In general, use of atomics should be limited (within a potentially parallel unit not externally synchronized) to only touching any given atomic with Relaxed, AcqRel, or SeqCst orderings, and not mixing them. Any algorithm mixing the different orderings on a single atomic likely requires a PhD-level understanding of weak memory effects.


It's also worth noting that the std::atomic docs aren't the only documentation for atomics Rust provides; the API documentation in fact directly links to the nomicon's section on atomics as well. It's worth noting that the nomicon's sections on atomics is fairly short, and the nomicon's author, Gankra, has pointed to Mara Bos's O'Reilly book on low-level concurrency and said that it is essentially everything she would've wanted to say -- and that due to it being a whole book of its own, it makes sense that it's not directly present in the rust documentation or the nomicon.

Atomic synchronization is complicated and really can't be done justice in anything less than dedicated reference material just for atomics. I've not read the book I've linked here personally, but there have been plenty of testimonials that it's a very good resource for explaining and understanding atomics.


A possible solution for contradictions incompleteness(?) in regard to the documented behavior of atomics could be to simply mark std::sync::atomic documentation explicitly as non-normative. But I don't think that's a nice way to go. But it would be least effort.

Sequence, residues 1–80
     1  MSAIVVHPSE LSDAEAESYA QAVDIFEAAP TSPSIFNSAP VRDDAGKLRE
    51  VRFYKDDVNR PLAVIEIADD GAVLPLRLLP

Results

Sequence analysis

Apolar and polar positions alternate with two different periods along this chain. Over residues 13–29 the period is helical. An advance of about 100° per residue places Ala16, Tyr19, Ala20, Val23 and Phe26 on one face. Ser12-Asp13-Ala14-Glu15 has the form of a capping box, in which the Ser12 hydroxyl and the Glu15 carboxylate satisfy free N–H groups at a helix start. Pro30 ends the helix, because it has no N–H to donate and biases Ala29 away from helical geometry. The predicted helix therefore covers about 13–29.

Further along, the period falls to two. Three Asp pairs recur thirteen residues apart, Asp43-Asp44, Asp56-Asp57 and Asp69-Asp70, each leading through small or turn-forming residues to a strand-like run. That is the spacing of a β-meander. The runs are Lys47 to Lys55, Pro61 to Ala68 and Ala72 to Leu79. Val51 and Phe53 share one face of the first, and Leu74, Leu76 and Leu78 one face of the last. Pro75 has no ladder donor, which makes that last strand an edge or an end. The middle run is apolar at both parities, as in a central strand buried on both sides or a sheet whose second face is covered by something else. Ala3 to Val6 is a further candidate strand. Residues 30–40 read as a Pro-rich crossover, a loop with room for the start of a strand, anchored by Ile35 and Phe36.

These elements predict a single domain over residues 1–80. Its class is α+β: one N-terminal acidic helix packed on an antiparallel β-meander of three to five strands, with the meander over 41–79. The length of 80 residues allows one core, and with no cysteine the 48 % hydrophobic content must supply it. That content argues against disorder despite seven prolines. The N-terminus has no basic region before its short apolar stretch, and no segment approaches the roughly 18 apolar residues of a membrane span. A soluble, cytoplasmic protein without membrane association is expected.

Even if you might say this is stuff only experts use, I think having good and freely (and easily) accessible documentation is a good thing to have.

Also, I think there are several use cases where high(er) level code might use atomics, e.g. a Relaxed AtomicU64 counter to create unique IDs and maybe AtomicBools for signalling (though here things already get complicated because the synchronizes-with relation only goes from the Release-store to the Acquire-load, which may not be sufficient in some cases).

While I agree it's complicated, I feel like the way it's currently explained makes it unnecessarily complicated to understand. But maybe I'm still missing some things.

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Unfortunately, explaining atomics in a way that is both accurate even in edge cases and simpler than the full standardeeze (or if you're both unlucky and picky, a CPU diagram) is a difficult question, and people who put the effort into writing such learning material generally want to get paid for the work.